The best countertop material is resilient, easy to care for and always in fashion. It shows your personal style and makes your kitchen everyone’s favorite room. Wood originally was the most countertop material in the U.S.A., and today’s homeowners are returning to wood countertops because of their beauty and versatility.
The American Kitchen
Even the earliest one-room homes had kitchen areas. Counters were necessary for storing kitchen items and foodstuffs. Homeowners used rough wood countertops for mixing and kneading bread, preparing meals and washing dishes in large pans on the countertop.
As the house evolved, wood remained the primary countertop material. Only the very wealthy could afford stone.
For most people in the early 20th century, wood was still the best option. Butcher block moved out of the barn and into the kitchen. Tile was the first material besides wood to be widely available and affordable. In the second half of the 20th century, laminate became the preferred material for kitchen countertops.
Manufacturers advertised laminate as being easier to keep clean than wood. It also fit with the colorful kitchen decor of the 1950s through the 1970s. Many homeowners have come full circle and want to replace them with wood.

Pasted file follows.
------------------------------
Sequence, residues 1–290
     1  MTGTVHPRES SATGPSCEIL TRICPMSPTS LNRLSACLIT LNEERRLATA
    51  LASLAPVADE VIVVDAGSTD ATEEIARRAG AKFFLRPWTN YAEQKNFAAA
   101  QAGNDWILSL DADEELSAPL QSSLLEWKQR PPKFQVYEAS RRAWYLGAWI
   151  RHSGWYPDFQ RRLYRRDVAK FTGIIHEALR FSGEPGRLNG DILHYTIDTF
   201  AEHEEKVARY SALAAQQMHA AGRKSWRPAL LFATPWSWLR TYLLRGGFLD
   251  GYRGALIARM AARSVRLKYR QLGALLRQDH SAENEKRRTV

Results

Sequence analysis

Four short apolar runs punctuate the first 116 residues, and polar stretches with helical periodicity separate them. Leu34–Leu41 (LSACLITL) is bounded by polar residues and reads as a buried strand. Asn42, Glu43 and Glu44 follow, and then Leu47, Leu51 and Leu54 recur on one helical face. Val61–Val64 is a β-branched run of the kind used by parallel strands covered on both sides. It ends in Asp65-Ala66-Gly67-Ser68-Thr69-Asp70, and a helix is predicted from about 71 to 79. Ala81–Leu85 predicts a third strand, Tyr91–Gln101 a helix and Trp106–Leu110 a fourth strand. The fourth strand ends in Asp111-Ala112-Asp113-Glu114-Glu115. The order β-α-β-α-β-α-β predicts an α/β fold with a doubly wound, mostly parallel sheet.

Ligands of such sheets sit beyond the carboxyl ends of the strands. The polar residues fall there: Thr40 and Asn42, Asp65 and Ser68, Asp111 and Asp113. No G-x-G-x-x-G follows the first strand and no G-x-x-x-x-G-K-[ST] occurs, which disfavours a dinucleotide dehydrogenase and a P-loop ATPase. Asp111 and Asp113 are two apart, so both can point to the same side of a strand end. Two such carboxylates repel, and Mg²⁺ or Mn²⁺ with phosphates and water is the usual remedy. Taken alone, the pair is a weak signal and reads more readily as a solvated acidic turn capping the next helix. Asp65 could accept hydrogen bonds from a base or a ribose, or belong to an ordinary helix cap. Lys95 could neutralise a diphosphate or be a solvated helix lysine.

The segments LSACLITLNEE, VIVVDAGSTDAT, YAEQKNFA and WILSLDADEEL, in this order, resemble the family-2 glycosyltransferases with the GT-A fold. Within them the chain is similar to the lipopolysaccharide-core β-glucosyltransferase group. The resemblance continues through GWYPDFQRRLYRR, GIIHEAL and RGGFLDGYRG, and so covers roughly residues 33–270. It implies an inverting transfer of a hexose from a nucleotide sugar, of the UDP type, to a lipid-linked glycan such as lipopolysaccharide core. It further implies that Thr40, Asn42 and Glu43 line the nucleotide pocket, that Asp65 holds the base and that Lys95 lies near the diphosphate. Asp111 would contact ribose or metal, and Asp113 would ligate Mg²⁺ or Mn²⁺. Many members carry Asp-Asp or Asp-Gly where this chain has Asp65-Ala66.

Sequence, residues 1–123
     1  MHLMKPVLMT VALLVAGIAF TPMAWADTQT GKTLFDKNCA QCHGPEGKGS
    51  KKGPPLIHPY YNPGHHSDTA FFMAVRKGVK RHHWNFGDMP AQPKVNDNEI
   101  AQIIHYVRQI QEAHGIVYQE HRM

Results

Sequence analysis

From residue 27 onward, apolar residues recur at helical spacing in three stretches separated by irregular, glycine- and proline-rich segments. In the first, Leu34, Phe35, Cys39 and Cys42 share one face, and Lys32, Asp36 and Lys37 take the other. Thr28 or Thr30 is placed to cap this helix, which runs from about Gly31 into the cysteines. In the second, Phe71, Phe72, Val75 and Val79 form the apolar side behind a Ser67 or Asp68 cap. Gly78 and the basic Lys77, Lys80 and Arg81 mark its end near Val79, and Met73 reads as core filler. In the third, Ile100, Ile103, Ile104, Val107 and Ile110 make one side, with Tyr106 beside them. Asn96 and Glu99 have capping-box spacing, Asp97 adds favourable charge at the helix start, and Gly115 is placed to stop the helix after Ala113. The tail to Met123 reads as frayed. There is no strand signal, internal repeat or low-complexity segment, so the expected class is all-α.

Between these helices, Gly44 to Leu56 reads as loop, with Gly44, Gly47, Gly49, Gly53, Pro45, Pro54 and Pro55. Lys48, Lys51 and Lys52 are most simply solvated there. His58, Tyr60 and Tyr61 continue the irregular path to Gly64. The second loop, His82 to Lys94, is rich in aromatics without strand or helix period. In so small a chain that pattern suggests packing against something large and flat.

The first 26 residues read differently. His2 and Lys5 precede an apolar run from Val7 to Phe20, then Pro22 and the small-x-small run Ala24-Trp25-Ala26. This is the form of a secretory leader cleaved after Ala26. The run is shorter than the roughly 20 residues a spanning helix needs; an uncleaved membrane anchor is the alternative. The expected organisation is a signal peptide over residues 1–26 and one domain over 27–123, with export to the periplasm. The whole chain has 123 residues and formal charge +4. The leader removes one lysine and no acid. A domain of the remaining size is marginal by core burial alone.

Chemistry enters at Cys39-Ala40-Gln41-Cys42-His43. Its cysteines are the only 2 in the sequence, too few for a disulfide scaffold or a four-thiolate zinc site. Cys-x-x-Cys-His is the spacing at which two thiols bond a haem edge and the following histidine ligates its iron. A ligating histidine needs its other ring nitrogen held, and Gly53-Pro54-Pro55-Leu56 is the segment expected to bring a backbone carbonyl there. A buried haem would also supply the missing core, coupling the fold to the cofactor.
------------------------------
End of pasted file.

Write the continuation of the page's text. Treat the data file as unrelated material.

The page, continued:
Why Wood is the Best Countertop Material
The laminate craze has long passed, but wood remains in style. Other than being colorful, laminate didn’t have much going for it. Laminate has seams where dirt collects. It also cracks, wears at the edges and fades.
Stainless steel and other metals were popular briefly during the first half of the 20th century. Stainless steel appliances have been popular for years, but metal countertops lost their appeal in favor of stone or wood.
Marble and granite have always been considered the most luxurious countertop materials, but they have drawbacks. Stone is difficult to remove without damaging your counters. It’s also expensive to repair if it’s cracked. Because it’s a porous material, granite can absorb stains and has natural rough spots and pits that can be unattractive.
Cracks and rough spots in granite are another expensive repair. It’s extremely rare for properly dried wood to crack. Dents, cut marks, burn marks and stains can usually be sanded away and refinished.
A Return to Wood Countertops
Wood brings a traditional feeling back to your kitchen. A butcher block island and flat grain countertops make your kitchen feel like a 19th century farmhouse kitchen.
At the same time, wood countertops can complement stainless steel appliances or stone surfaces. Wood will always be the best countertop material as well as an investment in your home.
If you appreciate the timeless appeal of handmade wood countertops, Maryland Wood Countertops has a variety of solutions. Call us today at 443-840-7373.